Target plans to get into the grocery delivery business


Target officials say they're going to get into the grocery delivery business.

During the company's annual vendors summit Wednesday, Target's chief marketing officer Jeff Jones said testing of the concept will begin "in the very near future," the Minneapolis/St. Paul Business Journal reports.

Jones didn't offer any details about the upcoming trial run, including where it might take place or exactly when.

But it's another sign the Minneapolis-based retailer wants to keep up with its competitors such as Walmart and Amazon, which are also experimenting with food delivery services, the Business Journal notes.

Several Minnesota grocers such as Kowalski's, Lund's & Byerly's and CobornsDelivers already provide home delivery in the Twin Cities metro area, WCCO notes, so the concept isn't all that new here.

Last year, Target partnered with a startup company in San Francisco to test a curbside pickup service at 11 of its stores in that city.

It's since expanded that service to several stores in New Jersey, according to the Star Tribune.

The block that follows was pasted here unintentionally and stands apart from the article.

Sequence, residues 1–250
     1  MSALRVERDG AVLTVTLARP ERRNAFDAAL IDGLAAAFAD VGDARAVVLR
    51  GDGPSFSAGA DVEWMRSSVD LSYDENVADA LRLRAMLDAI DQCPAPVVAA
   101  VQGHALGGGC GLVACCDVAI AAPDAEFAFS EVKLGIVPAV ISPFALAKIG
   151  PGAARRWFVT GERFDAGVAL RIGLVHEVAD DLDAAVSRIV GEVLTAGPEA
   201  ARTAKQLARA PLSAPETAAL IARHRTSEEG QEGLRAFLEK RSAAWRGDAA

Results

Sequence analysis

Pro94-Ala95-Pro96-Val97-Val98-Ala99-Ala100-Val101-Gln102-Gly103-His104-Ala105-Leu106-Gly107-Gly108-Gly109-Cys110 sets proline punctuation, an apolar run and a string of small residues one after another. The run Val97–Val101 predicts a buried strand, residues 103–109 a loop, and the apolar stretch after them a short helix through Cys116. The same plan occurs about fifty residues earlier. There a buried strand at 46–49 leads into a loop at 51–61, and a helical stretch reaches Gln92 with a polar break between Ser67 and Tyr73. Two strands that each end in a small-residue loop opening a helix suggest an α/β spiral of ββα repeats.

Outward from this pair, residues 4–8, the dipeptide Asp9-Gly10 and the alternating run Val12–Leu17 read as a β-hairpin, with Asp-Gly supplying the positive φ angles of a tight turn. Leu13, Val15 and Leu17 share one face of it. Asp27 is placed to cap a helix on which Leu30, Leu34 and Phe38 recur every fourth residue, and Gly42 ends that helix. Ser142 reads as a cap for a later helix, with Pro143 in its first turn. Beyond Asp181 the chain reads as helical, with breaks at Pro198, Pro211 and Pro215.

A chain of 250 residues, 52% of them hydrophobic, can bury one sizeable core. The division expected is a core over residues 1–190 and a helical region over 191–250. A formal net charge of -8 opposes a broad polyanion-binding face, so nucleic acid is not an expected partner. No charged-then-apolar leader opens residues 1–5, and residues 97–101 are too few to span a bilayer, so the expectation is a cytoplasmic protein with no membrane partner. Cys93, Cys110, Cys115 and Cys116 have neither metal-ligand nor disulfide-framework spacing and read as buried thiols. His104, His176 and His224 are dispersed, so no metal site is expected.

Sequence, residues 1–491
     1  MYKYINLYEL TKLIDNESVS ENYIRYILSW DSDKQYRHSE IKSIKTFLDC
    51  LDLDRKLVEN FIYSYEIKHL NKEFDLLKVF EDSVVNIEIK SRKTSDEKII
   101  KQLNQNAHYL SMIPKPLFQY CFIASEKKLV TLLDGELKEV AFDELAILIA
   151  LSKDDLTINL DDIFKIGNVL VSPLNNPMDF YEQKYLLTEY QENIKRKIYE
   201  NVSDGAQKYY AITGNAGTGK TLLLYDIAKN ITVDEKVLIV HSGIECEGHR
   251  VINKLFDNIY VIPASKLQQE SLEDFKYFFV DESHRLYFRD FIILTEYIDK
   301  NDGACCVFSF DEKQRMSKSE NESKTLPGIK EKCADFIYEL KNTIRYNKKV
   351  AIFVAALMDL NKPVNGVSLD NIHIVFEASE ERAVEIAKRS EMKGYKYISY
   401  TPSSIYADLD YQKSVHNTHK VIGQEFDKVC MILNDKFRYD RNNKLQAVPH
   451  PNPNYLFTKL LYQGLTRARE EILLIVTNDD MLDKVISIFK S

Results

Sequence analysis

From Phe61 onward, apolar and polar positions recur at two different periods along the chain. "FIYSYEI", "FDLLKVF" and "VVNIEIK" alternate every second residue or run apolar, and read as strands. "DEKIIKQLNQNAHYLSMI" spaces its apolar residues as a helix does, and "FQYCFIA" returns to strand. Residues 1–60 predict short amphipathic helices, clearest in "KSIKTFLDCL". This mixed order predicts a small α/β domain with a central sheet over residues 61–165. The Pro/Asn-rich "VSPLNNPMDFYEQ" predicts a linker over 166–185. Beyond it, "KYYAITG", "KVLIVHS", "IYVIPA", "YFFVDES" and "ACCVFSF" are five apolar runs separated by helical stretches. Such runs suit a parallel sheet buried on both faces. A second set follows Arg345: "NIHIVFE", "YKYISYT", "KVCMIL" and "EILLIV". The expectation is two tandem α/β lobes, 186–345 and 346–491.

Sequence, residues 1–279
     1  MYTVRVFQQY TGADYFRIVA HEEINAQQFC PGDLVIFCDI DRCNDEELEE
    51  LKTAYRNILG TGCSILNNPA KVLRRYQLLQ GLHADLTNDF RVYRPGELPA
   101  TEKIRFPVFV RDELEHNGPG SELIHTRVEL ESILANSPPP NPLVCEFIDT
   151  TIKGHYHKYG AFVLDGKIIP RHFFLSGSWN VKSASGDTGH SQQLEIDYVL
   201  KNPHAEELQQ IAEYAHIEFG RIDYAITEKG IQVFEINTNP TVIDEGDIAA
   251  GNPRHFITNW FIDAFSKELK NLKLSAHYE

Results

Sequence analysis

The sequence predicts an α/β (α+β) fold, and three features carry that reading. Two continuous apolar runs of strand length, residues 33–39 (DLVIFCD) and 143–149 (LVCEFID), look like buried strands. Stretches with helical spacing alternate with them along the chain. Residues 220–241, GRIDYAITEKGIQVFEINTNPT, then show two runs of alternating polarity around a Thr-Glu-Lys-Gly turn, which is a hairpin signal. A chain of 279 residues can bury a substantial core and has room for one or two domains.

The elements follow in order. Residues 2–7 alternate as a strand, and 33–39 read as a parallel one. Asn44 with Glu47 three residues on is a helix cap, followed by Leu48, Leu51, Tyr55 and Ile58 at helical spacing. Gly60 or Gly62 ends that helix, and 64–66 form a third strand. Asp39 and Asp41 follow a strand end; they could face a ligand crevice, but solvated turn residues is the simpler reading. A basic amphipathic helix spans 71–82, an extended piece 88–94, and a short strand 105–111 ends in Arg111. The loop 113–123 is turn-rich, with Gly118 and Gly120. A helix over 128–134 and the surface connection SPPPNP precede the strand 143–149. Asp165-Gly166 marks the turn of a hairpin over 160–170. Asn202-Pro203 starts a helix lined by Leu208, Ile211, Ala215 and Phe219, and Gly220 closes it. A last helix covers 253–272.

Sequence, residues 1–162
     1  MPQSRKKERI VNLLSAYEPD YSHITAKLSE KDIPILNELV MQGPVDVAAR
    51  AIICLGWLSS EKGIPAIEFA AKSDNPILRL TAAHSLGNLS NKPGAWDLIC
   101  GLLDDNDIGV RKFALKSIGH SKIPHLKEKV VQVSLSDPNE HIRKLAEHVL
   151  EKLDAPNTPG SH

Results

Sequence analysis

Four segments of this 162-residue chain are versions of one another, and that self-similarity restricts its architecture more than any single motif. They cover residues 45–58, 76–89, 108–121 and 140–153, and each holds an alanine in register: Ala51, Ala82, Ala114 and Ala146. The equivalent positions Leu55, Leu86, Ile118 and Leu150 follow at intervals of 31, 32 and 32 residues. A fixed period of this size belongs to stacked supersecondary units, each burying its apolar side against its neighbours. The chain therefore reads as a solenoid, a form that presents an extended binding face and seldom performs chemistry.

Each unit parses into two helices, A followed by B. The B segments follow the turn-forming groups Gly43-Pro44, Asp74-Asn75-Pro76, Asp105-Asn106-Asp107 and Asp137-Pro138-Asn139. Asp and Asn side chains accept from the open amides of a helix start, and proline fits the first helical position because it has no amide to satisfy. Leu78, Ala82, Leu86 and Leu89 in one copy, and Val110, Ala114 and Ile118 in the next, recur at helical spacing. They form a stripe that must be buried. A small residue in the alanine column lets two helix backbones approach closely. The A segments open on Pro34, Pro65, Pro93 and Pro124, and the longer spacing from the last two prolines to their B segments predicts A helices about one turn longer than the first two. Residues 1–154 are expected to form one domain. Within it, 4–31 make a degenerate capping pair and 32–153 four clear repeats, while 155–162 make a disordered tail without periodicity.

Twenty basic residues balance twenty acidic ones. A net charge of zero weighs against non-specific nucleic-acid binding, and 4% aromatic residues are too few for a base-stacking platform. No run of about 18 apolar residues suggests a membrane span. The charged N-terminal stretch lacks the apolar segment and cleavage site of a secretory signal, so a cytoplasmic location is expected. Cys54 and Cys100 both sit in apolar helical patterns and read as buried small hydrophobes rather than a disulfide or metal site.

The grocery delivery service was just one of many topics Target executives discussed with the 700 vendors Wednesday, the Star Tribune notes.

CEO Brian Cornell said the retailer is continuing to focus on increasing online sales and revamping its grocery lineup.

Target said earlier it will expand its natural, organic, locally grown and gluten-free offerings in the hope of making the chain a food destination.

This isn’t good news for the big name food manufacturers, which have seen slumping sales in recent months as consumer tastes shift toward fresh and natural options. That’s led to consolidating and layoffs at some companies, Marketplace reported.

The Star Tribune also said Target is investing $1 billion this year to upgrade its technology and supply-chain infrastructure.

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